Can you move to Malta to considerably reduce your taxes? Absolutely.
You see, tax haven or not, Malta is an excellent jurisdiction to set up a business, establish residency or gain second citizenship thanks to its central Mediterranean location, stable regulatory framework, favorable tax regime, and foreigner-friendly regulations.
In today’s era, it may be counter-productive to associate yourself or your business with traditional tax havens. You may be able to enjoy zero taxes there, but good luck finding a credible bank willing to deal with you. Moreover, the lack of reporting requirements is a one-way ticket to tons of paperwork at any financial institution you will ever go to.
In contrast, moving to offshore jurisdictions like Malta may be more beneficial in the long term. You will have to pay taxes (a small amount), but no one will ever make you fill out ten extra forms just because you’re running a business out of a tax haven. You will also have the advantage of an EU business and all the perks that come along with it, like a stable political and economic landscape.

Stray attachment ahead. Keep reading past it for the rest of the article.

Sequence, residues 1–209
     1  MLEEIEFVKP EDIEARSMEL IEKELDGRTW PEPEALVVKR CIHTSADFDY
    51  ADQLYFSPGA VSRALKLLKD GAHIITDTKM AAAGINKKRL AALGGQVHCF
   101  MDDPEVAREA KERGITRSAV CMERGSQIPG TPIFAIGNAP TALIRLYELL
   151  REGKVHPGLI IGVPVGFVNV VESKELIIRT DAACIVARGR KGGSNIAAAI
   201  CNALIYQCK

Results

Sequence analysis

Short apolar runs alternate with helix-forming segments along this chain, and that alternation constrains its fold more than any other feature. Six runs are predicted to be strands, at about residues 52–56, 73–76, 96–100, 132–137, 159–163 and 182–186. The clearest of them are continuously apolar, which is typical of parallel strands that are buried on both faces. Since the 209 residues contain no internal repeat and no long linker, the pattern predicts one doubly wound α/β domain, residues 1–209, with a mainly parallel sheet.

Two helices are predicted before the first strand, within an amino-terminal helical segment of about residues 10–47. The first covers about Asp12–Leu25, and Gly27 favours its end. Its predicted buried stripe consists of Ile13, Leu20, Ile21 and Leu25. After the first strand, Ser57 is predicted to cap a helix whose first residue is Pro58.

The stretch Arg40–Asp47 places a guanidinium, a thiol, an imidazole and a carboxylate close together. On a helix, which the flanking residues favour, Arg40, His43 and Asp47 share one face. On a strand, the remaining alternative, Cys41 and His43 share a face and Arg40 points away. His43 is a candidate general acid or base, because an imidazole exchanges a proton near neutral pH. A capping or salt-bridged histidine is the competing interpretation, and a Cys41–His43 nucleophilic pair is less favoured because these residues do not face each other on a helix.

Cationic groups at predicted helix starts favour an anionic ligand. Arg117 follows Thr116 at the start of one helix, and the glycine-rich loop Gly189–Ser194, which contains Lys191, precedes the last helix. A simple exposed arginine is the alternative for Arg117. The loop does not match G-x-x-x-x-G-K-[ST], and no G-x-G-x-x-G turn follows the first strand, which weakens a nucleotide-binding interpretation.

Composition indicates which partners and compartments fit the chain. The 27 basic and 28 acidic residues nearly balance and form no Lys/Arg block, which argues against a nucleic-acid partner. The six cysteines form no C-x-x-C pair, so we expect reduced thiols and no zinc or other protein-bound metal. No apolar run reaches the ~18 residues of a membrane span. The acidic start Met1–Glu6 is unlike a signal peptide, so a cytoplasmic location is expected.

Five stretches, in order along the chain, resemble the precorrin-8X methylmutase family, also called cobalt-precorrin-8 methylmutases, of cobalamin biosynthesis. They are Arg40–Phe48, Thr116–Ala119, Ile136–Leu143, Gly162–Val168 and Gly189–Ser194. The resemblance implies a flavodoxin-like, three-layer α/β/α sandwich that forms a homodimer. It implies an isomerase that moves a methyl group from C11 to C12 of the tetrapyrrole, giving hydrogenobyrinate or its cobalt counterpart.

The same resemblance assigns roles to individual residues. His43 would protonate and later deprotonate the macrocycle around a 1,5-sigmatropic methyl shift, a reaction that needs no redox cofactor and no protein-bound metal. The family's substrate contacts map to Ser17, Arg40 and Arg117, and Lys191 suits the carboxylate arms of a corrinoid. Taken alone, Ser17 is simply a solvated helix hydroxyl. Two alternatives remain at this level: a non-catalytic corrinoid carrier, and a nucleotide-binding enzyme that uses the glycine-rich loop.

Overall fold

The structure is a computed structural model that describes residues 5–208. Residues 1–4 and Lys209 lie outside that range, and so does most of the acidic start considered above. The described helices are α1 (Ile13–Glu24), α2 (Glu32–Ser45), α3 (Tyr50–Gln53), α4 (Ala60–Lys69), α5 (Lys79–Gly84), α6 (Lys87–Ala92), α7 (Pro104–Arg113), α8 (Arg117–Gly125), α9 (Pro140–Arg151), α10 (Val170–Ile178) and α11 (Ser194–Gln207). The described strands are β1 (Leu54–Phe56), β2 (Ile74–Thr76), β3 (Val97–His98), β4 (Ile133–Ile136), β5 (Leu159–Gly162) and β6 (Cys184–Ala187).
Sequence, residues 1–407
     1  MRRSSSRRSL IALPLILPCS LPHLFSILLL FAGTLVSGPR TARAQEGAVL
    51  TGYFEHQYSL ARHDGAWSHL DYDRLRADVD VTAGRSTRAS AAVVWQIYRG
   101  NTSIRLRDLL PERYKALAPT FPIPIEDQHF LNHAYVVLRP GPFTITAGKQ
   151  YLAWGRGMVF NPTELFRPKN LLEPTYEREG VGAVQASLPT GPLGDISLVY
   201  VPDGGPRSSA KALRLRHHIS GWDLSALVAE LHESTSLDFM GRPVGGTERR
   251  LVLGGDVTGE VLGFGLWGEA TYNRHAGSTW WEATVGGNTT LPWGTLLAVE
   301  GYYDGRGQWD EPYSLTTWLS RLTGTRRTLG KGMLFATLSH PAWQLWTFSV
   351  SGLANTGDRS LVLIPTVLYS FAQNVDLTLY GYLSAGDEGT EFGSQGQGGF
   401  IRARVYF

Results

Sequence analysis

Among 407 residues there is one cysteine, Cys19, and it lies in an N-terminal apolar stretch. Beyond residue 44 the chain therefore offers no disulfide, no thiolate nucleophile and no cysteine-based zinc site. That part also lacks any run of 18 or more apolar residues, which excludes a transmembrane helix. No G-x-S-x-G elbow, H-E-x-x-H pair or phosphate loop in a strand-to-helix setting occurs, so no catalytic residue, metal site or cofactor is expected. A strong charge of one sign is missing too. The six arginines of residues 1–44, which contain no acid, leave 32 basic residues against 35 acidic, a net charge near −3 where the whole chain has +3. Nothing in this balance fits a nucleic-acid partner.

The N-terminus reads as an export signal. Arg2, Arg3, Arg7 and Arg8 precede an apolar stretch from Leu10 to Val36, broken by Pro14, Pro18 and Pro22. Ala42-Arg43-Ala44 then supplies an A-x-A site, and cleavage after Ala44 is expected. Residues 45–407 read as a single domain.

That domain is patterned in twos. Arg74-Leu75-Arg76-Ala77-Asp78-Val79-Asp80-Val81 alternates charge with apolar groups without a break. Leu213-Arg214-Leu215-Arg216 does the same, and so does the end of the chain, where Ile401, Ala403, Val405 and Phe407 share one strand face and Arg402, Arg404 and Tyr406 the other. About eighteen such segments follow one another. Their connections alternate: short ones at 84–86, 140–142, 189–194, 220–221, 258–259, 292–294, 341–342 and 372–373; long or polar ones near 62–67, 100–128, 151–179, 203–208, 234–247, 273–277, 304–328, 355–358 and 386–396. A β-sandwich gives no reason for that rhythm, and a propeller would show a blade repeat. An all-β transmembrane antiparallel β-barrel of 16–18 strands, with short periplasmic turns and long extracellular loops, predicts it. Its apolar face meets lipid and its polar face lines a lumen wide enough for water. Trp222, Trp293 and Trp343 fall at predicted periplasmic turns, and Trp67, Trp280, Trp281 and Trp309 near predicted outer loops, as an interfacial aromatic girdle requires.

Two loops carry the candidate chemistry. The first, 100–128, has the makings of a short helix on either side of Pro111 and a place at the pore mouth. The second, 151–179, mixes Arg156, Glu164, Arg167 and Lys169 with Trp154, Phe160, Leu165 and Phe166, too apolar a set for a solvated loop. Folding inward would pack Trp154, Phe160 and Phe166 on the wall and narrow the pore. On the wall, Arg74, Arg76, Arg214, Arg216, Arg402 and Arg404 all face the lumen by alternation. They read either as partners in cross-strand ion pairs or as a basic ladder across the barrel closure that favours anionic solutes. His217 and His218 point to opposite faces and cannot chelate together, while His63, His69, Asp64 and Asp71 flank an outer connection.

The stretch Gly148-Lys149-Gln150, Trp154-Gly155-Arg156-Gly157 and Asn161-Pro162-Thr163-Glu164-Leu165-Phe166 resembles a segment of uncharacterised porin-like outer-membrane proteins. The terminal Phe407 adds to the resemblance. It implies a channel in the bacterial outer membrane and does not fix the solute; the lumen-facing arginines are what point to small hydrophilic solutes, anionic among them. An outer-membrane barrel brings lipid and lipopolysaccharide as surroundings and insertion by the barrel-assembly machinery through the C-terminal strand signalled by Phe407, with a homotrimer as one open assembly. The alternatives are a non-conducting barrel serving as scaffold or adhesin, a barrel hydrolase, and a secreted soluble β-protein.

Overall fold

Sounds like something you’re looking for? We’ve helped many clients establish a business, second residency, or citizenship in Malta. We can help you do the same. Set up a call with us today, and let us help you go where you’re treated best.
Is Malta a Tax Haven? Everything You Need to Know in 2023 FAQ
Malta is a Southern Europe island nation in the Mediterranean Sea between Italy and Libya. It lies 80 km (50 mi) south of Sicily (Italy), 284 km (176 mi) east of Tunisia, and 333 km (207 mi) north of Libya.
Russia and other tax havens like BVI, the Marshall Islands, Fiji, Samoa, Bahamas, etc., are part of the EU’s list of non-cooperative jurisdictions for tax purposes.